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In 1584, Spain dominated the coasts of Central and South America, the Caribbean, and modern day Florida. England, under the rule of Elizabeth I, sought to disrupt and overthrow this control by establishing colonies in the New World. Not only would these colonies help provide a buffer against Spain’s control, but it also helped set up a home base for England’s privateering, which allowed English ships to attack Spanish ships, stealing treasure and gaining control of Spanish trade routes in the region. One of England’s most famous privateers, Sir Walter Raleigh, with the blessing of Queen Elizabeth, sent a reconnaissance expedition to the New World in April, 1584, they arrived in present day North Carolina in July of 1584, and would go on to establish the first English colony in the united States, Roanoke Colony, in 1587. At this site today, Fort Raleigh, named after Sir Walter Raleigh, preserved the history of Roanoke Colony and National Park Ranger Josh Nelson joins us to today to tell us about the Elizabethan history of Raleigh, North Carolina, and to share some of the archaeological finds still there today that you can see from Shakespeare’s lifetime.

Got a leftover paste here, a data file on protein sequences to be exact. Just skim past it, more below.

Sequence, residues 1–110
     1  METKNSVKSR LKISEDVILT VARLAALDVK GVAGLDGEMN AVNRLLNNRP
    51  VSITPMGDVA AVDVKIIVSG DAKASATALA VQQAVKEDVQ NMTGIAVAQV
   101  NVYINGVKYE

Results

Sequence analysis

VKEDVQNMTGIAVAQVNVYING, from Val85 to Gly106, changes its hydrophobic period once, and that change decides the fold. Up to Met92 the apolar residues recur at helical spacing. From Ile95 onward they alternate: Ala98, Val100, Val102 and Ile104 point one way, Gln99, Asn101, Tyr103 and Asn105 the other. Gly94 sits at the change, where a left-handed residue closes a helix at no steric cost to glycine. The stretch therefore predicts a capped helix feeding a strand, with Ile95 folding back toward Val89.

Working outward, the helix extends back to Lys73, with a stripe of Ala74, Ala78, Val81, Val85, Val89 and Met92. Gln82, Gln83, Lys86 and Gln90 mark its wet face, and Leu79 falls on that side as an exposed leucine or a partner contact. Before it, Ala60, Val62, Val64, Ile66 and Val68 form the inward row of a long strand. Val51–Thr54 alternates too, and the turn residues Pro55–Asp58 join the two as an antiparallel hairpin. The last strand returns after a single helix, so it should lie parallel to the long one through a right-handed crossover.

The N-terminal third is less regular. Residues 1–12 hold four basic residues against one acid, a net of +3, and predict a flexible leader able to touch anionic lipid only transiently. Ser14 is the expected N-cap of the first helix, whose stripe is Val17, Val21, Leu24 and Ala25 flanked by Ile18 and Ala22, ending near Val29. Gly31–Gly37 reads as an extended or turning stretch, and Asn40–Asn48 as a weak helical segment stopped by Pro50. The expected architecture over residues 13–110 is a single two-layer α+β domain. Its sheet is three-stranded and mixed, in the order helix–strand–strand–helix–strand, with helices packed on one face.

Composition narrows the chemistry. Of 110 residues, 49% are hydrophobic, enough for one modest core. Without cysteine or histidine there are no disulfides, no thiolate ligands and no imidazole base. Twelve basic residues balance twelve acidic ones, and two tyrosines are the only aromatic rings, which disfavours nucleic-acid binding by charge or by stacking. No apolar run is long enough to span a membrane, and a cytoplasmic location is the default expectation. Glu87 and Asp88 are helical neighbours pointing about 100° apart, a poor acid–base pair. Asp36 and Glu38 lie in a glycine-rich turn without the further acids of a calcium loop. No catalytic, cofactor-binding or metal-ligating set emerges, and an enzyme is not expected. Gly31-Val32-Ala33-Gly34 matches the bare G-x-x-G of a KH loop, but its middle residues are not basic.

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Josh Nelson is a Park Ranger with National Park Service currently working on Roanoke Island in North Carolina.

Learn more about Josh

Explore Fort Raleigh with a video series

I’ll be asking Josh Nelson about:

  • What potential colony sites did they discover when they arrived? 
  • Was Roanoke originally setup as a military colony and how is that different from a colony like Jamestown, for example?  
  • When they arrived at Roanoke, were they able to make contact with the Carolinian Algonquin, and what was their relationship like? 
  • …and more!

Brief and True Report of the Newfound Land in Virginia by Thomas Hariot

The Secret Token by Andrew Laller

Roanoke the Abandoned Colony by Karen Kupperman

A Kingdom Strange by James Horne

Want to see more visual history?

Find artifacts from Roanoke, period illustrations of The Lost Colony, and original maps of Virginia colony as it was known in the 1580s, all packed into the bonus content right here. Click the “Become a Patron” button to login or join us as a patron and all the extras will expand right on this page.

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Related Episodes

Here are some recommended episodes from our show that are related to the topic we’re covering this week. If you like today’s conversation, you might enjoy these as well!

Hear some of the history of the interactions of Plymouth Colonists with the Powhatan people, one of the Algonquin speaking tribes traditionally from eastern Virginia.

Andrew Buckley, descended from Stephen Hopkins, shares the story of the man that may have inspired Stephano in Shakespeare’s The Tempest.

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That’s it for this week! Thank you for listening. I’m Cassidy Cash, and I hope you learn something new about the bard. I’ll see you next time!